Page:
Tom Wujec studies how we share and absorb information. He's an innovative practitioner of business visualization -- using design and technology to help groups solve problems and understand… Full bio and more links

Transcript

Several years ago, here at TED, Peter Skillman introduced a design challenge called the marshmallow challenge. And the idea's pretty simple. Teams of four have to build the tallest free-standing structure out of 20 sticks of spaghetti, one yard of tape, one yard of string and a marshmallow. The marshmallow has to be on top. And, though it seems really simple, it's actually pretty hard, because it forces people to collaborate very quickly. And so I thought that this was an interesting idea, and I incorporated it into a design workshop. And it was a huge success. And since then, I've conducted about 70 design workshops across the world with students and designers and architects, even the CTOs of the Fortune 50, and they're something about this exercise that reveals very deep lessons about the nature of collaboration, and I'd like to share some of them with you.

So, normally, most people begin by orienting themselves to the task. They talk about it, they figure out what it's going to look like, they jockey for power, then they spend some time planning, organizing. They sketch in and they lay out spaghetti They spend the majority of their time assembling the sticks into ever-growing structures and then, finally, just as they're running out of time, someone takes out the marshmallow, and then they gingerly put it on top, and then they stand back, and Ta-da! they admire their work. But what really happens, most of the time, is that the "ta-da" turns into an "uh-oh," because the weight of the marshmallow causes the entire structure to buckle and to collapse.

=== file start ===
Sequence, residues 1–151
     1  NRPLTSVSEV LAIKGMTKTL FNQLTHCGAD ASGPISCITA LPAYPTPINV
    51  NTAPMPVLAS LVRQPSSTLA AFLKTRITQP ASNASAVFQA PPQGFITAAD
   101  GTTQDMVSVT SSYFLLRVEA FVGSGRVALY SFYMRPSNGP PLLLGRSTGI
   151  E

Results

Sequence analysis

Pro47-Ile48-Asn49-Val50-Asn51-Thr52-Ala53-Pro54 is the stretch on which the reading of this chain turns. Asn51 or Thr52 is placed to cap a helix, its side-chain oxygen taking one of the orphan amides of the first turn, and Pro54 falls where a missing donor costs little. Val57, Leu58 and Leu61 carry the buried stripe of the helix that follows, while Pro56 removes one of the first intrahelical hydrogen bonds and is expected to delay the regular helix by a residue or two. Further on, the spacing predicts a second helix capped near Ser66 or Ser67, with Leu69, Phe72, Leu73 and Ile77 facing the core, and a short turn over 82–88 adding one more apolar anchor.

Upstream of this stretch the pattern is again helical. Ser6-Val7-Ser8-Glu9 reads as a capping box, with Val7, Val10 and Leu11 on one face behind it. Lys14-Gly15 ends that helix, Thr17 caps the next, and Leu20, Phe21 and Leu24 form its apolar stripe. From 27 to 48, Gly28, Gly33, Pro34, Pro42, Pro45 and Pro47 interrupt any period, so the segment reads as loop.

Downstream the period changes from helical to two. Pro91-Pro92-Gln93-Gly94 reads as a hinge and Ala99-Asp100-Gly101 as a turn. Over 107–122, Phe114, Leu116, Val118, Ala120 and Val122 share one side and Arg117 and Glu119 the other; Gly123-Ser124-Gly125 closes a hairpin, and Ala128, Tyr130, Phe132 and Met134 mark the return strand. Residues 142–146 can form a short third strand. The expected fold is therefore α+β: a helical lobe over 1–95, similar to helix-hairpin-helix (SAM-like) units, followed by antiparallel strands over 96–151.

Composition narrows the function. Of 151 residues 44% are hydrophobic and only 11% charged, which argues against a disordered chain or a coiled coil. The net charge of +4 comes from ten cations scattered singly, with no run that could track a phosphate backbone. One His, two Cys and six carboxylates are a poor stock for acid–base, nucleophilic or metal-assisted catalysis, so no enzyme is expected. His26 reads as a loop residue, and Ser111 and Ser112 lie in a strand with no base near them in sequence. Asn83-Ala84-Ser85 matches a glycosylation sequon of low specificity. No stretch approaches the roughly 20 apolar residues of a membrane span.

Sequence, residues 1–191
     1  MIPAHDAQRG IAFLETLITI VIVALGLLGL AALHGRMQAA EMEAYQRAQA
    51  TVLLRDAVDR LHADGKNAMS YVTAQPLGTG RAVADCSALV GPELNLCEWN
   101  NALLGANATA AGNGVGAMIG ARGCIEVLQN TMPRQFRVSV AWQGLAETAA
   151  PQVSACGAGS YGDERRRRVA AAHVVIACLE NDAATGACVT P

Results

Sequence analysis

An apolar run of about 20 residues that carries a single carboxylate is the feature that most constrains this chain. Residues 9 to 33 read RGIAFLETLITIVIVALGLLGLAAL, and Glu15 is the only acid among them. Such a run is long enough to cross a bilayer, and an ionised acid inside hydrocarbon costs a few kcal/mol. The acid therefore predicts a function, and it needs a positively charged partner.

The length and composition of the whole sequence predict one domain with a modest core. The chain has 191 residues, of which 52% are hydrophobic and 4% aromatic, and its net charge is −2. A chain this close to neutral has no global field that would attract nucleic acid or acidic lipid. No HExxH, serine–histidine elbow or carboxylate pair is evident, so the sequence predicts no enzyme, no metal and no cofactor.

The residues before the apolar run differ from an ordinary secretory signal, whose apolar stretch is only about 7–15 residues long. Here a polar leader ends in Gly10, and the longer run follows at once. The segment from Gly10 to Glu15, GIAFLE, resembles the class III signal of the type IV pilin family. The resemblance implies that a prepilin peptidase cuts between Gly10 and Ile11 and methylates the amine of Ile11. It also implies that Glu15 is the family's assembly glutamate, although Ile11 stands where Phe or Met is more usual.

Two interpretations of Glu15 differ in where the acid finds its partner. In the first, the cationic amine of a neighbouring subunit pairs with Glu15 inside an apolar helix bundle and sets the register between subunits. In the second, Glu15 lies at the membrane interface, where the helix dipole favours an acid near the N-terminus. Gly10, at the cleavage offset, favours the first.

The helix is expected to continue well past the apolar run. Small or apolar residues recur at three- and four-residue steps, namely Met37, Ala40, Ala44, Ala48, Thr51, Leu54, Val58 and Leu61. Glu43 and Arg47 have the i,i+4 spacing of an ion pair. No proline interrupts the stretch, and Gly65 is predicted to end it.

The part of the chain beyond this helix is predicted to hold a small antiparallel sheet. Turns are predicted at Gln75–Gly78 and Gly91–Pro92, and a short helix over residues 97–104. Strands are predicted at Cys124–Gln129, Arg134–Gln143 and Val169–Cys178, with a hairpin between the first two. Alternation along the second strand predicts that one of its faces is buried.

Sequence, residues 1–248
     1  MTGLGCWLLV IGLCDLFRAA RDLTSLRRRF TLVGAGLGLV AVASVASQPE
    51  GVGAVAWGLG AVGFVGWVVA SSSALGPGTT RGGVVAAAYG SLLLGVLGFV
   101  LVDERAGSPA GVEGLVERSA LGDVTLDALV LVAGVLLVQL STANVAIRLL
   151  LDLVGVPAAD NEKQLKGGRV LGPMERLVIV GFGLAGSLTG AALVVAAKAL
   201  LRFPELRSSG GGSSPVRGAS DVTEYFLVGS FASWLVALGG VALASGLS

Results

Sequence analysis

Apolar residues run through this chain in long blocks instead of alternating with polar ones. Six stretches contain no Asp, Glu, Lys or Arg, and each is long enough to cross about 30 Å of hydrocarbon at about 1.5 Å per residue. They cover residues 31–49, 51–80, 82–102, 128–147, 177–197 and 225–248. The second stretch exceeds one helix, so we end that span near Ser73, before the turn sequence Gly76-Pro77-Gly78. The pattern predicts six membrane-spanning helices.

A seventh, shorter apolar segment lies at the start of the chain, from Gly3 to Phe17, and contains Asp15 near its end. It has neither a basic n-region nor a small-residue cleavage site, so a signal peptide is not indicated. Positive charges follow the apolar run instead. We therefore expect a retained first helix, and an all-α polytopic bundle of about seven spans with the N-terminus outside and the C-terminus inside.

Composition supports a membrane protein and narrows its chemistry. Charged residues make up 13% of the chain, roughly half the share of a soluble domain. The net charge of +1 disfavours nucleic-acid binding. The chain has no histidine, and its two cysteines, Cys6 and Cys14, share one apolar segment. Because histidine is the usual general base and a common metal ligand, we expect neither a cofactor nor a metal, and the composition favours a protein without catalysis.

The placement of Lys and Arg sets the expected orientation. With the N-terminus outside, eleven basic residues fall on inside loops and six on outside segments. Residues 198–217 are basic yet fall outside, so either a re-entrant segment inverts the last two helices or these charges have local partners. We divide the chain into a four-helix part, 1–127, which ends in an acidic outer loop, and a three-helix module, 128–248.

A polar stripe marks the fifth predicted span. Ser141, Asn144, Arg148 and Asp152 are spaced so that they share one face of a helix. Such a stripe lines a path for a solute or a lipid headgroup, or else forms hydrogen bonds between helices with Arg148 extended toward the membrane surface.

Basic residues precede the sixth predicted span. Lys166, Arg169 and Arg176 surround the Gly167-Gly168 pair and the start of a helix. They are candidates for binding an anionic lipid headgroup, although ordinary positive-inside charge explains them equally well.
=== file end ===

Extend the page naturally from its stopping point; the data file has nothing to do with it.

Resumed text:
So there are a number of people who have a lot more "uh-oh" moments than others, and among the worst are recent graduates of business school. (Laughter) They lie, they cheat, they get distracted, and they produce really lame structures. And of course there are teams that have a lot more "ta-da" structures, and, among the best, are recent graduates of kindergarten. (Laughter) And it's pretty amazing. As Peter tells us, not only do they produce the tallest structures, but they're the most interesting structures of them all.

So the question you want to ask is: How come? Why? What is it about them? And Peter likes to say that, "None of the kids spend any time trying to be CEO of Spaghetti Inc." Right. They don't spend time jockeying for power. But there's another reason as well. And the reason is that business students are trained to find the single right plan, right. And then they execute on it. And then what happens is, when they put the marshmallow on the top, they run out of time, and what happens? It's a crisis. Sound familiar? Right. What kindergarteners do differently, is that they start with the marshmallow, and they build prototypes, successive prototypes, always keeping the marshmallow on top, so they have multiple times to fix ill built prototypes along the way. So designers recognize this type of collaboration as the essence of the iterative process. And with each version, kids get instant feedback about what works and what doesn't work.